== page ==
Exposure data (e.g. type of car, value of contents inside the                 Insurance firms’ own digital data (e.g. interaction with
 car)                                                                          insurance firms (call centre data, users’ digital account
                                                                               information, digital claim reports, online behaviour while logging
                                                                               in to insurance firms’ websites or using insurance firms’ app)

 Behavioural data (except IoT data) (e.g. Smoking, drinking                    Geocoding data (i.e. latitude and longitude coordinates of
 behaviour, distance driven in a year)                                         a physical address)

 Loss data (e.g. claim reports from car accidents, liability cases)            Genetics data (e.g. results of predictive analysis of a person’s
                                                                               genes and chromosomes)

 Population data (e.g. mortality rates, morbidity rates, car                   Bank account / credit card data (e.g. consumer’s shopping
 accidents)                                                                    habits, income and wealth data)

 Hazard data (e.g. frequency and severity of natural hazards)                  Other digital data (e.g. selfie to estimate biological age of the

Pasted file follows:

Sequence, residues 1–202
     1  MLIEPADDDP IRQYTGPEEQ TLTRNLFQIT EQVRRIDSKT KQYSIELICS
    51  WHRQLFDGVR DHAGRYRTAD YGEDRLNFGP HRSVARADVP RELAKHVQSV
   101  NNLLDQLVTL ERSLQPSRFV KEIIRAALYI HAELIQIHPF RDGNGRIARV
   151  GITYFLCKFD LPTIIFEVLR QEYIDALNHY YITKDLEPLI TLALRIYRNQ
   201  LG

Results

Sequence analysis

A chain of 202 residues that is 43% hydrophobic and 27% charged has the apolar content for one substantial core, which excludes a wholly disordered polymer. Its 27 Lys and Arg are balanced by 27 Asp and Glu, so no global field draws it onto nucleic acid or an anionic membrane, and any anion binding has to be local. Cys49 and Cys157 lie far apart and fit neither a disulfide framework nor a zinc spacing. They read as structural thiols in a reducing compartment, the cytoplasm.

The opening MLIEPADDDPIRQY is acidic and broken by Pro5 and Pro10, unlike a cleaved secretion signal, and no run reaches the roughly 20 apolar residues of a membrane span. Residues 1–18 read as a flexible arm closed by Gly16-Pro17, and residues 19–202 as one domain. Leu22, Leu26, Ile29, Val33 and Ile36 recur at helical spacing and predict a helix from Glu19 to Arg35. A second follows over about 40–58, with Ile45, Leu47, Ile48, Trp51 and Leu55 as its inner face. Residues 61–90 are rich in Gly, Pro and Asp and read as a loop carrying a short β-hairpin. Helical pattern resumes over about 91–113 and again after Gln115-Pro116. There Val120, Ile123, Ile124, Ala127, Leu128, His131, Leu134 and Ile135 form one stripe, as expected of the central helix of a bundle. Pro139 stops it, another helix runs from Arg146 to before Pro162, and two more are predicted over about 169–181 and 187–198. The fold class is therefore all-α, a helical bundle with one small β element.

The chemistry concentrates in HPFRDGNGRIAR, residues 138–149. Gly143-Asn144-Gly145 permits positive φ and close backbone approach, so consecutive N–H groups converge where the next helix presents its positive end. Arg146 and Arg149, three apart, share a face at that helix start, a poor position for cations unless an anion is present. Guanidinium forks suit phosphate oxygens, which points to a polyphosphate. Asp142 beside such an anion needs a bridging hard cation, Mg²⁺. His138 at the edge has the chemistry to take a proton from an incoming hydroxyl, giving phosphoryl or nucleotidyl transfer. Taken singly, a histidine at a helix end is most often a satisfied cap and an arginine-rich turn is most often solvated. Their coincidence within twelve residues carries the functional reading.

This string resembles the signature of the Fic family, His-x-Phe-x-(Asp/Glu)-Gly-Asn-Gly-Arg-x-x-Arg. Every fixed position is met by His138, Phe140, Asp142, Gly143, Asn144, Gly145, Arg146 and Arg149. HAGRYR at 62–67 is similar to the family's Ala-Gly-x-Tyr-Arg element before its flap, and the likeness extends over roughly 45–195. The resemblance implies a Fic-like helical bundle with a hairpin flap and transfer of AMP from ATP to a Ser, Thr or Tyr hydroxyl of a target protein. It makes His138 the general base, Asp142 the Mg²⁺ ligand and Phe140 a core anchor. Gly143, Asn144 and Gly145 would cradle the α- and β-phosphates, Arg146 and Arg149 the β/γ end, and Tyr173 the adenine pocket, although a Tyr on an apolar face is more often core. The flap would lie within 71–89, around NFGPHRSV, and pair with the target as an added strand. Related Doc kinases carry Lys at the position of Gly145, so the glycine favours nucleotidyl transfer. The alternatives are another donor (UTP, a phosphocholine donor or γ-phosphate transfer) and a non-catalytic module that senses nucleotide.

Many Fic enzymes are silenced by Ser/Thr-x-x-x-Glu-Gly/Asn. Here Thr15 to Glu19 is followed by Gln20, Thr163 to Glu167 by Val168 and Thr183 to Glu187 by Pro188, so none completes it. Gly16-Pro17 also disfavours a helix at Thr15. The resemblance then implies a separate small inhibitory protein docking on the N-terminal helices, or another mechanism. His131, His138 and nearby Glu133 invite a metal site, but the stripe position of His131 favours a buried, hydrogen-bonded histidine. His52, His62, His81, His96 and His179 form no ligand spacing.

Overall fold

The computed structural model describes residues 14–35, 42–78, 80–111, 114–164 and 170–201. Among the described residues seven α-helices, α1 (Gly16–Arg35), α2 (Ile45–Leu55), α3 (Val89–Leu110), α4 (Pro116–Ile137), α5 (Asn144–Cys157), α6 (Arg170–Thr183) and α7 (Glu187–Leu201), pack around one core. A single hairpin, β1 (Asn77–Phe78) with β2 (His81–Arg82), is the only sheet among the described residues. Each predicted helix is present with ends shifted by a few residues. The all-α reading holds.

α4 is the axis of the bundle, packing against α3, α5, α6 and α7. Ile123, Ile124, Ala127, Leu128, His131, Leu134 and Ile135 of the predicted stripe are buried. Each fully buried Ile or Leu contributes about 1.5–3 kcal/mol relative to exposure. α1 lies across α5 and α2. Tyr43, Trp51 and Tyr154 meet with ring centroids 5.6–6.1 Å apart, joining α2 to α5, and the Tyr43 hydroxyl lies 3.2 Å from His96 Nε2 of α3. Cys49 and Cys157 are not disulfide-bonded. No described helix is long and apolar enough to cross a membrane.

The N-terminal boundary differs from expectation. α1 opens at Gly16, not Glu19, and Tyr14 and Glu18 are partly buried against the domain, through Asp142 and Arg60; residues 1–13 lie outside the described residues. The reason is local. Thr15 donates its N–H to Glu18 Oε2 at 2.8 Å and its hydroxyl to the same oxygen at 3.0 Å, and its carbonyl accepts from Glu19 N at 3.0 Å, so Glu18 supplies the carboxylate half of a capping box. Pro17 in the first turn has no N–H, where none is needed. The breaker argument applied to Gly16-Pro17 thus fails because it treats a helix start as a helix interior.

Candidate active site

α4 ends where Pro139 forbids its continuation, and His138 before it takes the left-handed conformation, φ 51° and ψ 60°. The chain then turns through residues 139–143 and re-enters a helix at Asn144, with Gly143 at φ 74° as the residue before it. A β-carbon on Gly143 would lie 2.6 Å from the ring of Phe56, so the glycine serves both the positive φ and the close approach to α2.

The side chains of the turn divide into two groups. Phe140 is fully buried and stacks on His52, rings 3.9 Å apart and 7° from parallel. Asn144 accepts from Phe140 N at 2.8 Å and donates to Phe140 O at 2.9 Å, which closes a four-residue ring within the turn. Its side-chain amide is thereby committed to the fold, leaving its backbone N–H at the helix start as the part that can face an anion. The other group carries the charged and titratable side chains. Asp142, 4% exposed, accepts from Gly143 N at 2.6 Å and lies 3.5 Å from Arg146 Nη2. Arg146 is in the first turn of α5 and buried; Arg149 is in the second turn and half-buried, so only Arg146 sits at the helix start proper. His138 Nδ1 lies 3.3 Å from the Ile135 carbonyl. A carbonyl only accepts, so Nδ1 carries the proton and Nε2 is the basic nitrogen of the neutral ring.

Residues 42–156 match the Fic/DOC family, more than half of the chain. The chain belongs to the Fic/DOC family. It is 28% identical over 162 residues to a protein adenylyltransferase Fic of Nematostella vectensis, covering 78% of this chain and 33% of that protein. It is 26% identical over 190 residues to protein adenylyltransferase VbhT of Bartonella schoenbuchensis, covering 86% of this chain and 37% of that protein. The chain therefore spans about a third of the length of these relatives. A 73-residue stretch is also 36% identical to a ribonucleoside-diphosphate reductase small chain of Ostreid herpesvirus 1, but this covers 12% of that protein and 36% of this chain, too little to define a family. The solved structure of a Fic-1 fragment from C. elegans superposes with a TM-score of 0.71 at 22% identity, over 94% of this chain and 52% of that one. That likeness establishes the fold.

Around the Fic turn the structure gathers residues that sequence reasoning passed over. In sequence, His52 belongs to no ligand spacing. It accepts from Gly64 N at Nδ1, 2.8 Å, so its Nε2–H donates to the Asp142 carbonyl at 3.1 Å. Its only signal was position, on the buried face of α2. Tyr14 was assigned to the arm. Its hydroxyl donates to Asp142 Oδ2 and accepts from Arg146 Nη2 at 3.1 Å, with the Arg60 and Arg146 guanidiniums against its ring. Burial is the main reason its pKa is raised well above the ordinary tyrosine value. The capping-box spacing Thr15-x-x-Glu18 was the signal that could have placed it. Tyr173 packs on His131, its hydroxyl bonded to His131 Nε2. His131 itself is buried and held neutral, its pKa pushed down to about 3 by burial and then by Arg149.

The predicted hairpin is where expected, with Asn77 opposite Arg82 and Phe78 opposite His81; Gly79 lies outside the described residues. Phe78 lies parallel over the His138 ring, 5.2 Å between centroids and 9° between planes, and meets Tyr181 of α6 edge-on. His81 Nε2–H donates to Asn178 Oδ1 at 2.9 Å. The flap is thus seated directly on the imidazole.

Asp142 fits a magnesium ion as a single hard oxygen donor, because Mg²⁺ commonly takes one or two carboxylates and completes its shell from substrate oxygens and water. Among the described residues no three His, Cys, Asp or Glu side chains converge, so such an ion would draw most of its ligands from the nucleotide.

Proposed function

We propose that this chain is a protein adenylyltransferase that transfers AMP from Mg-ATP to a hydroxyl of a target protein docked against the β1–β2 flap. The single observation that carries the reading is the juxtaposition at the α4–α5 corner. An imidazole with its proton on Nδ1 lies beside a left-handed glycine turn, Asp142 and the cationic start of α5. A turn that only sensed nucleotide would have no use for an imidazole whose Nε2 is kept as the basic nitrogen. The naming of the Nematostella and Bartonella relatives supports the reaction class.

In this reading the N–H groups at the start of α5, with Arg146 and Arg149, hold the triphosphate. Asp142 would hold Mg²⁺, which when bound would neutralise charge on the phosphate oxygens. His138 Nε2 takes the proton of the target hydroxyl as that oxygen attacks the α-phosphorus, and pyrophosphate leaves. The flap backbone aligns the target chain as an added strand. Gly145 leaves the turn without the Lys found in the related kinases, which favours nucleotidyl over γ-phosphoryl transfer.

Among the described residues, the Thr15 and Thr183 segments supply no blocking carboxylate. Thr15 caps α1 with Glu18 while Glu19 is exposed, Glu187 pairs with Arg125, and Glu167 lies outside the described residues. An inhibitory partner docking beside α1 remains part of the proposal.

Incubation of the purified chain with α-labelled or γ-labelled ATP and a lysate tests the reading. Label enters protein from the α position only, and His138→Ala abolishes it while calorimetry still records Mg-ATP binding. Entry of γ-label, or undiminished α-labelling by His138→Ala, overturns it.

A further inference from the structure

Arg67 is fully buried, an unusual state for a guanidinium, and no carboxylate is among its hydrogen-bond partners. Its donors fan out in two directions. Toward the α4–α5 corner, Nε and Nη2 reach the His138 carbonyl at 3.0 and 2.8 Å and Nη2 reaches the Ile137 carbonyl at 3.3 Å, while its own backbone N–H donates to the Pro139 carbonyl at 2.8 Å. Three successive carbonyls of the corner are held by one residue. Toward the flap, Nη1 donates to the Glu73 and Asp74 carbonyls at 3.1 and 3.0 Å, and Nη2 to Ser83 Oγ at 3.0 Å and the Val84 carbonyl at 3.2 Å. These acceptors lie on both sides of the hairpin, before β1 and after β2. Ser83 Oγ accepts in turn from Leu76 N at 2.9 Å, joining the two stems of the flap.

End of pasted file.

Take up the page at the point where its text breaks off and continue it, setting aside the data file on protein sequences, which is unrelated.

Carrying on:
consumer)

 Other traditional data (e.g. credit scoring, claim adjustment
 reports, information from the auto repair shops)

Source: The Geneva Association (the categorisation of types of data was slightly amended by EIOPA)4

2.1.1. TRADITIONAL DATA SOURCES                                                 Some of the respondents to EIOPA’s survey specifically
                                                                                stated that they do not use medical data in their BDA
For health insurance purposes, medical data is commonly                         processes. Others referred to the outsourcing to ser-
collected directly from the customer or via insurance in-                       vice providers the use of powerful digital tools capable